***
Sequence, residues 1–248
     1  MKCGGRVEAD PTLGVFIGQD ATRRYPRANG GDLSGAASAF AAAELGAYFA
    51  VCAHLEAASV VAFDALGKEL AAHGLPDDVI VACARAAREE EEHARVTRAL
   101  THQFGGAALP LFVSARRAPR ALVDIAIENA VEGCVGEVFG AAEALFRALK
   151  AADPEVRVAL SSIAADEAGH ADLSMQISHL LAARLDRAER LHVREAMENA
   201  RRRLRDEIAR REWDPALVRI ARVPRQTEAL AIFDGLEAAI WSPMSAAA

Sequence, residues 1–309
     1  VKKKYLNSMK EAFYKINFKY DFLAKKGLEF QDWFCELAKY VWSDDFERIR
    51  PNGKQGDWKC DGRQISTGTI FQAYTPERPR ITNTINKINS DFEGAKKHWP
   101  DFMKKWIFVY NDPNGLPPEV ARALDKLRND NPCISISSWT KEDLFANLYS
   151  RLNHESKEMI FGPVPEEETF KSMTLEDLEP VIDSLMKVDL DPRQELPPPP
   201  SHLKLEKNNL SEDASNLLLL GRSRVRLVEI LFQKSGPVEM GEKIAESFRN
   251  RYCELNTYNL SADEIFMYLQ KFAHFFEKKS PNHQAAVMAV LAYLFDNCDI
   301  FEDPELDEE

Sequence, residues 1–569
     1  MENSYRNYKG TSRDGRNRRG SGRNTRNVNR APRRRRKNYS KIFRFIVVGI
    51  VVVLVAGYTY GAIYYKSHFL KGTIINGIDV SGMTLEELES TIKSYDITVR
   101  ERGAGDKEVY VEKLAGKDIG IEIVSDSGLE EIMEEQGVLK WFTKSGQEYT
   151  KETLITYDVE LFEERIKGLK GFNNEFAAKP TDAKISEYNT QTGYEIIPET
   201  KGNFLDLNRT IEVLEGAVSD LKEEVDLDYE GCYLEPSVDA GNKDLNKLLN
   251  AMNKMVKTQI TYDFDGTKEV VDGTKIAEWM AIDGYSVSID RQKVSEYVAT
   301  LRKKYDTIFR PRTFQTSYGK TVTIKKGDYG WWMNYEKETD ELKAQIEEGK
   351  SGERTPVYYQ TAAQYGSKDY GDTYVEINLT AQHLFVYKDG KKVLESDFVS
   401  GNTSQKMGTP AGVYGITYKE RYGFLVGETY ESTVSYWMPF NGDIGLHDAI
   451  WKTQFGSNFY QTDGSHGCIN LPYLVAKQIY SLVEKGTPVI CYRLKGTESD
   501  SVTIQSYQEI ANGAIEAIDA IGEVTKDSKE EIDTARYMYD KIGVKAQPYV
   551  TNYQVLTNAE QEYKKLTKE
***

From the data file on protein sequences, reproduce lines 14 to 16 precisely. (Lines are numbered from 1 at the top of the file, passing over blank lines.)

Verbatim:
   301  FEDPELDEE

Sequence, residues 1–569
     1  MENSYRNYKG TSRDGRNRRG SGRNTRNVNR APRRRRKNYS KIFRFIVVGI